This species is known only on the basis of the type series, which consists of 11 specimens, and from which it was described in the year 1860.
The specimens are housed in only two museums in London and Stockholm.
Because of its remarkably primitive genitalia, the species is deemed the most primitive member of its genus.
No one knows where the species comes from (localities like ‘Honolulu’ = Hawai’i Islands resp. ‘Port Famine’ = Strait of Magellan in Chile seem to be questionable), it was never found again and is now considered most likely extinct. 
 Arthur M. Shapiro: Why Are There So Few Butterflies In The High Andes? Journal of Research on the Lepidoptera 31(1-2): 35-56. 1992
The classification of the Madeiran Large White is somewhat difficult, it is treated by different authors either as a subspecies of the Large White (Pieris brassicae (L.)) or of the Canary White (Pieris cheiranthi (Hübner)), or as a distinct species.
Most individuals of this insular form resembled the European mainland Large White in appearance, however the individuals, like in most species of Whites, could differ highly from each other, by their coloration as well as in their size.
The species reached a wingspan of 5,5 – 6,5 cm, it was named locally Borboleta da Madeira or Grande Branca da Madeira (in Portuguese).
The larval host plant is said to have been common cabbage (Brassica oleracea (L.)).
The entomologist R. Pinker reported in 1968 of a very unusual method of cabbage harvesting on Madeira. The lower leaves are said to have been taken away almost every day, which probably made a survival of the caterpillars sitting on these leaves very likely impossible. 
In the year 1974 the Small White (Pieris rapae (L.)) was found on Madeira for the first time, interestingly instantly in masses. 
According to a hypothesis by the entomologist B. O. C. Gardiner this new species of white, resp. a special form of granulosis virus, which was spread by this species, and against which the Madeiran Large White did not have any resistance, may be at least one of the reasons for the extinction of the endemic White.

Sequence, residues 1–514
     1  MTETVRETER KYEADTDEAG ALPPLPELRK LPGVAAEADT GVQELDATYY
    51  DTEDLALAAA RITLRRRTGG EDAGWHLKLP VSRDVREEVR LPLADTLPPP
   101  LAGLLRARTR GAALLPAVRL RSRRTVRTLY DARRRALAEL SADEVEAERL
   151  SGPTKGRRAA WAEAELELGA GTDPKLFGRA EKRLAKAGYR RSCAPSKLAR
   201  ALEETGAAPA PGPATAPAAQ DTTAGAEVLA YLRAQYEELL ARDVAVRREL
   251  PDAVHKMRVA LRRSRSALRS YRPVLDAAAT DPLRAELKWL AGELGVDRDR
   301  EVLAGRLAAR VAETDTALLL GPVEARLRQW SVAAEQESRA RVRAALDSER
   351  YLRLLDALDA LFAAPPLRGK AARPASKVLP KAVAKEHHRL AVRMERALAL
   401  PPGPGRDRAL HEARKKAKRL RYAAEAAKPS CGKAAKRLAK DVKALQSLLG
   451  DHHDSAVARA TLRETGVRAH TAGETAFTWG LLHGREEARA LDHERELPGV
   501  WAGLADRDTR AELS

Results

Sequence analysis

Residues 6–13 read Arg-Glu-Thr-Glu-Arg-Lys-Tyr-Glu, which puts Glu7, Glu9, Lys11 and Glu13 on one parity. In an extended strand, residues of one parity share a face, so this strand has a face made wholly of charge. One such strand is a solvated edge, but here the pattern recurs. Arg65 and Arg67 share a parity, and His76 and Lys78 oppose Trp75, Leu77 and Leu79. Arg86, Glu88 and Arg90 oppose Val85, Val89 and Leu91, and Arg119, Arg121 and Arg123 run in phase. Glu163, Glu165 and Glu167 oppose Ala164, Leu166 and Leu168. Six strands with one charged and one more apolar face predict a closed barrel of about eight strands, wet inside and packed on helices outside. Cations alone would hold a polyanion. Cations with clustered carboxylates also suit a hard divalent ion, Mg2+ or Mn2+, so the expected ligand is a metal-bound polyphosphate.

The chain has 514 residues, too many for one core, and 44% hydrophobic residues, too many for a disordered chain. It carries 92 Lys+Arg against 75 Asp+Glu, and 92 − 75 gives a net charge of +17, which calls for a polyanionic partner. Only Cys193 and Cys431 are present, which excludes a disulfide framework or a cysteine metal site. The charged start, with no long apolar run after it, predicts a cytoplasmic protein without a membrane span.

The last sighting of the Madeiran Large White was in 1977 (according to the European Red List of Butterflies in 1986).
 A. E. Holt-White: The butterflies and moths of Teneriffe. London, L. Reeve & Co. 1894  Rudolf Pinker: Der Lebensraum von Pieris cheiranthi HBN, und die Einwanderung und Ausbreitung der Catopsilia florella F. auf den Kanaren. Zeitschrift der Arbeitsgemeinschaft österr. Entomologen. 20 (1-3) 1968  N. Wolff: On the sudden mass occurrence in 1974 of Pieris rapae L. (Lepidoptera, Pieridae) in Madeira. Boletim Mus. Municip. Funchal, 29: 26-32. 1975  B. O. C. Gardiner: The possible cause of extinction of Pieris brassicae wollastoni Butler (Lepidoptera: Pieridae). Entomologist’s Gazette, 54: 267-268. 2003
Moroccan Green-veined White (Pieris napi ssp. atlantis)
The Moroccan Green-veined White is a subspecies of the widespread Green-veined White (Pieris napi (L.)); it was described in 1925 and was restricted to the Middle Atlas Mountains in north-eastern Morocco.
This subspecies is now considered extinct; however, I cannot find any additional information so far.
Green-veined White (Pieris napi ssp. napi (L.)); nominate race
Atlas Southern Small White (Pieris mannii ssp. haroldi)
While one of the subspecies of the Southern Small White, namely the South-Alps Southern Small White (Pieris mannii ssp. alpigena Verity) (see photo), is extending its range beyond the “Schweizer Mittelland” region since 2008 and will be certainly moving further north in the future (it actually reached my region in 2016).
Two other, relatively rare local forms are meanwhile extinct, one of form discussed here.
The Atlas Southern Small White was described in 1952, it was restricted to the Middle Atlas, Morroco.
This form is known to have been the largest subspecies.
It was last seen in the year 1973 (according to other sources in 1999) and is now considered most probably extinct.